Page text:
Throughout 2015, the government pressured journalists to name sources used in critical articles and threatened to shutter outlets carrying unfavorable coverage. Journalists are also frequently subject to arbitrary arrest, harassment, or threats by police and the Imbonerakure, and many live in exile.
Access to the internet remains largely confined to urban areas. As protests began in 2015, the government attempted to cut off access to social-media sites used by the demonstrators. Many were able to circumvent the restrictions through the use of VPNs (virtual private networks).
Freedom of religion is generally observed. However, the Roman Catholic Church, which is influential in Burundi, clashed with the government in 2015 over issues including the legality of the president’s bid for a third term.
For many years, civil strife and Tutsi social and institutional dominance impeded academic freedom by limiting educational opportunities for the Hutu, but this situation has improved since 2005. Burundi’s national university was abruptly closed on April 30, 2015, amid the antigovernment demonstrations.
The ability to engage in open and free private discussion, particularly on opposition to the ruling party, is hindered by a fear of harassment by government supporters. Private citizens, including students and youth activists, faced increasing surveillance by the National Intelligence Service (SNR) in 2015.
E. Associational and Organizational Rights: 2 / 12 (−1)
The constitution provides for freedoms of assembly and association, but a 2013 law on public gatherings imposes restrictions on the right to assemble, including a one-day limit on the duration of demonstrations. The law holds the organizers of public gatherings liable for any legal infractions by participants and allows authorities to interrupt or cancel gatherings that pose a risk to public order.
Amnesty International reported that police used excessive force during the 2015 protests against a third term for Nkurunziza, including shooting at unarmed demonstrators as they fled. At least two dozen people were killed within weeks of the president’s announcement in late April, and hundreds more were injured, detained, or arrested.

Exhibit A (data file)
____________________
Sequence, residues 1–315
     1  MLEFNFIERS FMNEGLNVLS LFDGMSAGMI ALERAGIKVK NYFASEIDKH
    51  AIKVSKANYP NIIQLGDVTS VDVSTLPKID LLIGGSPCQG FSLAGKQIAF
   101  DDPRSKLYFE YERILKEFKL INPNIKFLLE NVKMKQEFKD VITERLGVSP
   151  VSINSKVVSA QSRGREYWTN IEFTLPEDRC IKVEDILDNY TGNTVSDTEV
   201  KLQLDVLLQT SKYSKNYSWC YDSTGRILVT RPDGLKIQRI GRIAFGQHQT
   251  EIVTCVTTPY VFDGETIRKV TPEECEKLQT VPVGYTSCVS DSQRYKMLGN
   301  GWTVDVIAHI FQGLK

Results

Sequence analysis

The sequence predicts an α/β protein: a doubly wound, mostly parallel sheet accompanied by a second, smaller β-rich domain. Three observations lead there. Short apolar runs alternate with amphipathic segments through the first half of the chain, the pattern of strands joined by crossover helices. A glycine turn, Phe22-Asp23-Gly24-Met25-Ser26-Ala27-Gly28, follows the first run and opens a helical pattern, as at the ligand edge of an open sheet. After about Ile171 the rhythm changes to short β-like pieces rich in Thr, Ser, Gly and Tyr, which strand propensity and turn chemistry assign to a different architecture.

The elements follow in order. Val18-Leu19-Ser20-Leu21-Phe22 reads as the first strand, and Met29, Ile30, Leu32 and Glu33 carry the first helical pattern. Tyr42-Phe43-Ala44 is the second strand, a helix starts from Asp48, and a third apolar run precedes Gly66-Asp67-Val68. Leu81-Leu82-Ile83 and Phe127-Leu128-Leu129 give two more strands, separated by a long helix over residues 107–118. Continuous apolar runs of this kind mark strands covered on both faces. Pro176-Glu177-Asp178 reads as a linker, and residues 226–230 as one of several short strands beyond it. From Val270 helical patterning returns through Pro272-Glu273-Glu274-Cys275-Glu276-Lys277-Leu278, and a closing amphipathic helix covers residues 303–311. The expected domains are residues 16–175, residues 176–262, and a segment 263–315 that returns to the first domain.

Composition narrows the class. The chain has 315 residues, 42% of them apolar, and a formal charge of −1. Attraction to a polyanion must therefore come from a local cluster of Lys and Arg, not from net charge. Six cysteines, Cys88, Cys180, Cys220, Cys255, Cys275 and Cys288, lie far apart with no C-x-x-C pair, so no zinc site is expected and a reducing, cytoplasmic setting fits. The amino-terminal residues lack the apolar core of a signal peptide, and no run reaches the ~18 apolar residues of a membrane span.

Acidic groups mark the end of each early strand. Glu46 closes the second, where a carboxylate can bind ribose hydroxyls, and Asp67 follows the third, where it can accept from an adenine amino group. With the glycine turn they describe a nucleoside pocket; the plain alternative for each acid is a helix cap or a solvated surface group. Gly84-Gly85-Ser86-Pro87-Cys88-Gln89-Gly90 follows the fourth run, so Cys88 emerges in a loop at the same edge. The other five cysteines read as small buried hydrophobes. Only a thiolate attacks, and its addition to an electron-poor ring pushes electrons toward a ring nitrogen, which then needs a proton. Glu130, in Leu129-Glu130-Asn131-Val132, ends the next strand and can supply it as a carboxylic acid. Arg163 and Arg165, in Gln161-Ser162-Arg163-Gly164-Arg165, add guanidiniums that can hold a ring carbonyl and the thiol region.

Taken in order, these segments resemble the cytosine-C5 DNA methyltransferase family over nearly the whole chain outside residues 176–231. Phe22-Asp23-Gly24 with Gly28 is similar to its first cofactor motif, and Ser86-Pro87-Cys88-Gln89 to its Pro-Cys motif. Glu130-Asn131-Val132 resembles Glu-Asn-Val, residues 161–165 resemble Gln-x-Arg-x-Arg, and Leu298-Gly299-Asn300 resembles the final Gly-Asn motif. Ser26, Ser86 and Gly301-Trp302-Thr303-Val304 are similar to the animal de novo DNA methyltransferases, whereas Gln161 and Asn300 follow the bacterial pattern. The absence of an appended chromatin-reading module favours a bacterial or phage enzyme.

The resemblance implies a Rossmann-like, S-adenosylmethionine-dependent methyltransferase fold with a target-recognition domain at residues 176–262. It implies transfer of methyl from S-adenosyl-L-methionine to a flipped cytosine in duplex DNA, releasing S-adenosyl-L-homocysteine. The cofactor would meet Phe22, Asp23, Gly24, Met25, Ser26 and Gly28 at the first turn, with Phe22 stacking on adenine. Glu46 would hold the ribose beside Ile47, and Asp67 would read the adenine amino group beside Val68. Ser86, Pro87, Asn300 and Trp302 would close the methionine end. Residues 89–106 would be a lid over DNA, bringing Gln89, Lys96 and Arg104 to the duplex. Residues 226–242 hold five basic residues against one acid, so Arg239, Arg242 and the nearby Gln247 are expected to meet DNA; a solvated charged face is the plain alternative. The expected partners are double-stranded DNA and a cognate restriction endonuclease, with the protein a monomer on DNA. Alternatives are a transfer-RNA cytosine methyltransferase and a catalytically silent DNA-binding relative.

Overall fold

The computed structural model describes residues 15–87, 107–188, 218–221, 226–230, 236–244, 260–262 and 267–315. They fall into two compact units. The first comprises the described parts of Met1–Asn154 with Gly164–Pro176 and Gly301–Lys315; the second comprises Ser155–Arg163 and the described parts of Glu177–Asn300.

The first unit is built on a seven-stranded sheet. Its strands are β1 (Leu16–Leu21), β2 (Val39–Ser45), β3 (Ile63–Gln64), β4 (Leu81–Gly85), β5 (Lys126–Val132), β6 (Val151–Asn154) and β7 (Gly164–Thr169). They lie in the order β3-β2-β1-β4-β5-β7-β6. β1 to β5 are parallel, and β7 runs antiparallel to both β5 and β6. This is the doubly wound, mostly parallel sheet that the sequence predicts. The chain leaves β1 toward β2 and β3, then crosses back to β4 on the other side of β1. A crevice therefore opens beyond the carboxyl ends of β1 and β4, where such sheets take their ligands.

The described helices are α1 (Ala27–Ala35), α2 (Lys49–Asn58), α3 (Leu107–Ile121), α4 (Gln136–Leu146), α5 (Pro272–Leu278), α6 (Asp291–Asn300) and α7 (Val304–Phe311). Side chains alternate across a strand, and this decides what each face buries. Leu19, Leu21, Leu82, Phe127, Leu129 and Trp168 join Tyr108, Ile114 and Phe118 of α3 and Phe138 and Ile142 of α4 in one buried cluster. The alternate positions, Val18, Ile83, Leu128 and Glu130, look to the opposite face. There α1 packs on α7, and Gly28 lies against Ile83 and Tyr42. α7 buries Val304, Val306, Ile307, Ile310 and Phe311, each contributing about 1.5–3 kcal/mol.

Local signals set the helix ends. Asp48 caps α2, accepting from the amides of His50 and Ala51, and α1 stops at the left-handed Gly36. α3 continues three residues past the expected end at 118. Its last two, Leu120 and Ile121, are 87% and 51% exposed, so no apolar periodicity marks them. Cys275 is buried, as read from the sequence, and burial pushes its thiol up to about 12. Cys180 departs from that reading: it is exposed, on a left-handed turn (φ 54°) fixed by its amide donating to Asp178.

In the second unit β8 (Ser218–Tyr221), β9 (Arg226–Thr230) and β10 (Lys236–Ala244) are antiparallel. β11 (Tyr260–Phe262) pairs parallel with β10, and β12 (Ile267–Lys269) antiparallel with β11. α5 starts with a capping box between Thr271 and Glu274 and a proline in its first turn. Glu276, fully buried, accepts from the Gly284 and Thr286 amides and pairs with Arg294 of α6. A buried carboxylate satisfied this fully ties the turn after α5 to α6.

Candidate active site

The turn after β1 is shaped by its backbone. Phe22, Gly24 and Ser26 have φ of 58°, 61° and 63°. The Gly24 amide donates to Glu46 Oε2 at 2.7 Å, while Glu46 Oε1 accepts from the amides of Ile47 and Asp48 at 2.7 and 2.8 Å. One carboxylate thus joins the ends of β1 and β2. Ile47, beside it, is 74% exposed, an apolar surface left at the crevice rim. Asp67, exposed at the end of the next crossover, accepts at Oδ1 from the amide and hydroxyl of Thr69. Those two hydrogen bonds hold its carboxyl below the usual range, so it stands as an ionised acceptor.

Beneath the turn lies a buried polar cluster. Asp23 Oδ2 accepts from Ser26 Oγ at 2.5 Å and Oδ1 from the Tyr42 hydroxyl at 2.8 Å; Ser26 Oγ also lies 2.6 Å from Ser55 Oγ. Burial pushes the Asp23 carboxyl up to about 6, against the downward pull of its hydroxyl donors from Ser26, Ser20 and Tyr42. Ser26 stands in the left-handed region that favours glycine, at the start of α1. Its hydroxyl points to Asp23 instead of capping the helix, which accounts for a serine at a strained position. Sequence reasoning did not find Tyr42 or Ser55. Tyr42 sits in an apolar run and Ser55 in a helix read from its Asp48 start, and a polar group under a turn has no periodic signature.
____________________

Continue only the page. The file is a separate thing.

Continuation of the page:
Onerous and costly registration requirements prevent many local NGOs from receiving official legal recognition. Registration must be completed in person at the Ministry of Interior in Bujumbura, which is difficult for NGOs based in remote areas, and extensive documentation is required. Crackdowns against Burundi’s civil society sector intensified during 2015. Members of human rights groups that criticized the government faced surveillance, intimidation, threats, and arrest, leading many to seek refuge abroad. Between April and November, at least 15 NGO leaders were forced to flee the country after receiving threats, and two NGO members were killed by police. In November, the authorities suspended 10 NGOs, including some working on human rights issues. The leader of one of those groups—Pierre Claver Mbonimpa of the Association for the Protection of Human Rights and Detained Persons—was shot and seriously wounded in August; he had publicly criticized Nkurunziza’s bid for a third term in office.
The constitution provides protections for organized labor, and the labor code guarantees the right to strike. The Confederation of Burundi Trade Unions has been independent since its establishment in 1995. Most union members are civil servants and have bargained collectively with the government.
F. Rule of Law: 1 / 16 (−3)
Burundi’s judiciary is hindered by corruption, a lack of resources and training, and executive interference in legal matters. In 2015, justices on the Constitutional Court were reportedly intimidated into ruling in favor of Nkurunziza’s decision to stand for a third term. The court’s vice president, Sylvere Nimpagaritse, fled the country rather than approve the president’s candidacy, which he deemed unlawful; he alleged that he and his fellow justices had come under enormous pressure, including death threats, to vote in favor of the proposal. The current judicial system struggles to function effectively or independently and cannot handle the large number of pending cases, many of which are politically sensitive. Crimes, especially those related to political violence, often go unreported or uninvestigated.
In April 2014, Parliament passed a law creating a truth and reconciliation commission to provide accountability for abuses committed between 1962 and 2008, though opposition members boycotted the vote due to concerns about the commission’s lack of independence. In December of that year, Parliament elected 11 members to the commission in a vote that the opposition also boycotted; under the new law, members are elected by a simple majority. Of the 11 members, 6 are Hutu, 4 are Tutsi, and 1 is Twa. The opposition claimed that most were affiliates of the ruling party. The body has yet to begin its work, and many question the viability of the project given the 2015 violence.